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Clean Sweep View Comments
By Charity Vogel

Lake Erie has no better friend than Sharen Trembath. Each year this environmental dynamo
assembles hundreds of volunteers to clean the beaches she loves.
FOR SHAREN TREMBATH, the revelation came one Easter Sunday.

As was their usual custom, the Trembath family— Sharen, her husband, Jim, and their three children, Jenna, Jim Jr., and Jeff—were taking a walk down the sandy beach of Lake Erie near their home in Angola, New York.

Sharen spotted it first: a dialysis bag. A trained medical assistant, the then- 40-year-old mom knew what she was seeing bobbing in the rippling waves that brushed the pebbly shoreline.

Seeing medical waste on the beach bothered Sharen. But what frustrated her even more was the fact that the bag was not the first one she had seen in walks with her kids along Lake Erie.

“I had already found 19 bags. The 20th was the one that pushed me over the edge,” recalls Sharen, now 66, her blue-green eyes alive at the memory.

“All the tubes were there on that bag—everything. And I was mad. I kicked the bag into the water. My son said, ‘Mom, what are you doing?’ I said, ‘Nobody cares.’ And he said, ‘We do.’”

That moment, in the spring of 1985, changed Sharen’s life. It certainly changed her community in upstate New York. It also changed the health and cleanliness of this corner of the Great Lakes region.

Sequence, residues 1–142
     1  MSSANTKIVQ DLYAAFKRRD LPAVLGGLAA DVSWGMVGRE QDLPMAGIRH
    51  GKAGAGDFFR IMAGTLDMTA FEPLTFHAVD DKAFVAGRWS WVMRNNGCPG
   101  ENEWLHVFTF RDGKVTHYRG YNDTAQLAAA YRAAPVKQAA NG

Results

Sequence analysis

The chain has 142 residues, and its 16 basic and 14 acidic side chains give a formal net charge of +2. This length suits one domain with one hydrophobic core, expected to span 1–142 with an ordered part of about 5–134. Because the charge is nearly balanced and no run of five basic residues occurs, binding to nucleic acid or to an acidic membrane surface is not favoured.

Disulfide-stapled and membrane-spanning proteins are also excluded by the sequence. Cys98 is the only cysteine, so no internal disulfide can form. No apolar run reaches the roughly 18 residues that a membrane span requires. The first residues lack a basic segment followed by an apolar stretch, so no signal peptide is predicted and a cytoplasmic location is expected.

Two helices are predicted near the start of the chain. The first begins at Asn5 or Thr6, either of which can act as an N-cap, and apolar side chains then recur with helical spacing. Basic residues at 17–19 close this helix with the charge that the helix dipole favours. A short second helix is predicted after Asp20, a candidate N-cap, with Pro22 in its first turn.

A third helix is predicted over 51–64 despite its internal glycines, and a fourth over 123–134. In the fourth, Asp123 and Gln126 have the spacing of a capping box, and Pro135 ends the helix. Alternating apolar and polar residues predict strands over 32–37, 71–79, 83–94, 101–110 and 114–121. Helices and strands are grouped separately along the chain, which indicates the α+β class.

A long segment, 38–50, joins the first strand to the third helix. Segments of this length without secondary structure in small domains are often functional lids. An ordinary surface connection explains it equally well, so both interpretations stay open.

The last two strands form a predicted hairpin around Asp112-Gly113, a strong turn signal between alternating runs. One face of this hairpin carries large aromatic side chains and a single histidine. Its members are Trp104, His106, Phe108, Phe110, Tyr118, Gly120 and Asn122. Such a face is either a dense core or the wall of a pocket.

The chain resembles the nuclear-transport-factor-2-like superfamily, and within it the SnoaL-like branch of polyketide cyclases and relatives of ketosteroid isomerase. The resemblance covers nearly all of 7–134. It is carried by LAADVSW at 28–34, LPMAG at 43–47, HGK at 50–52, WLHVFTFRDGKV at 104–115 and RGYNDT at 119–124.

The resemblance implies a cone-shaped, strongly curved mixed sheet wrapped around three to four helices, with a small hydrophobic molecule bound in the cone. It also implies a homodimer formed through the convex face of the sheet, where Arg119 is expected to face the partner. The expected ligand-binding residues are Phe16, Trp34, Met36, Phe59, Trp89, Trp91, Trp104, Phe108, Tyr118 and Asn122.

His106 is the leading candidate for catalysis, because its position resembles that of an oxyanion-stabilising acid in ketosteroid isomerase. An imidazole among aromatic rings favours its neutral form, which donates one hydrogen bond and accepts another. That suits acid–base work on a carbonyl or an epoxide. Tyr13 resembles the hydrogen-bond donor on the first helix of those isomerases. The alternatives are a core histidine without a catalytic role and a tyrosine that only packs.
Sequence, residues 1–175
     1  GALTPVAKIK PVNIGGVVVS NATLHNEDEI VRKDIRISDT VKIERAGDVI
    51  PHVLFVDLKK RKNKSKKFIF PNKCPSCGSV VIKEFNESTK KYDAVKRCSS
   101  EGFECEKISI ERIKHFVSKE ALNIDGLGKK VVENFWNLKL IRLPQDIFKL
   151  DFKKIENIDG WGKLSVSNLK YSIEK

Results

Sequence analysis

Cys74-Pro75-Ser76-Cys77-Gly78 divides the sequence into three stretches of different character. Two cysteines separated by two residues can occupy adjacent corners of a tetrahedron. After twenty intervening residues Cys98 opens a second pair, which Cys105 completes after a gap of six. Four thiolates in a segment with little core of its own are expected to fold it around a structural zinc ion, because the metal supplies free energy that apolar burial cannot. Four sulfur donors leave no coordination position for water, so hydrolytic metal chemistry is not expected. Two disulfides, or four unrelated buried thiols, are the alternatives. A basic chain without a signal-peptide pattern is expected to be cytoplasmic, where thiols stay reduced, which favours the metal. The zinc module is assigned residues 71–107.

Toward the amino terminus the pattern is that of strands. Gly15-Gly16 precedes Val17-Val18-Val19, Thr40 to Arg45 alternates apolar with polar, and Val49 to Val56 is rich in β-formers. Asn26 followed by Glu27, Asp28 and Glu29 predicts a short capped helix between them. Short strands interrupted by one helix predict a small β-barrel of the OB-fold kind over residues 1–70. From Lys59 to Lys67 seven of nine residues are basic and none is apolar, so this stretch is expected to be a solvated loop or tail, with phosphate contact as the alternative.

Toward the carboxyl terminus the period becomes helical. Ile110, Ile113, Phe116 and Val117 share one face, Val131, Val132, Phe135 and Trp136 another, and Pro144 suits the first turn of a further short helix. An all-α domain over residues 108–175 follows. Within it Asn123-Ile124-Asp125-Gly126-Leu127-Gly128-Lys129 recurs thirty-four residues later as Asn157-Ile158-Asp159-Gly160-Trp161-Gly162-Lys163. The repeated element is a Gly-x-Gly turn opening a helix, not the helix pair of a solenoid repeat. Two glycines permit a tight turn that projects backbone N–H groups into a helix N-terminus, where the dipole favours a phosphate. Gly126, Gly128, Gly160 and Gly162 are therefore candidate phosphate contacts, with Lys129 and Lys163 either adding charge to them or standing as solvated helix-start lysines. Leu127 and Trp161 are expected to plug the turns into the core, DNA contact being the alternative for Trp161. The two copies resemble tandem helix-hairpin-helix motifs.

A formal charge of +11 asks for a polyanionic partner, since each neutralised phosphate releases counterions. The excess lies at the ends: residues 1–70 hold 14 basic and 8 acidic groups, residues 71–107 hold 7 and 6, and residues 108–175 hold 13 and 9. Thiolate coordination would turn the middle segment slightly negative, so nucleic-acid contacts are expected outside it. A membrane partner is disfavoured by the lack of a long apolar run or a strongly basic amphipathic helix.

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Charity Vogel, PhD, is a writer who lives with her husband and family near Buffalo, New York. Email her at cavogel@buffalo.edu.

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Ansgar: The “apostle of the north” (Scandinavia) had enough frustrations to become a saint—and he did. He became a Benedictine at Corbie, France, where he had been educated. Three years later, when the king of Denmark became a convert, Ansgar went to that country for three years of missionary work, without noticeable success. Sweden asked for Christian missionaries, and he went there, suffering capture by pirates and other hardships on the way. Fewer than two years later, he was recalled, to become abbot of New Corbie (Corvey) and bishop of Hamburg. The pope made him legate for the Scandinavian missions. Funds for the northern apostolate stopped with Emperor Louis’s death. After 13 years’ work in Hamburg, Ansgar saw it burned to the ground by invading Northmen; Sweden and Denmark returned to paganism. 
<p>He directed new apostolic activities in the North, traveling to Denmark and being instrumental in the conversion of another king. By the strange device of casting lots, the king of Sweden allowed the Christian missionaries to return. </p><p>Ansgar’s biographers remark that he was an extraordinary preacher, a humble and ascetical priest. He was devoted to the poor and the sick, imitating the Lord in washing their feet and waiting on them at table. He died peacefully at Bremen, Germany, without achieving his wish to be a martyr. </p><p>Sweden became pagan again after his death, and remained so until the coming of missionaries two centuries later.</p> American Catholic Blog Every vocation is a vocation to sacrifice and to joy. It is a call to the knowledge of God, to the recognition of God as our Father, to joy in the understanding of His mercy.

 
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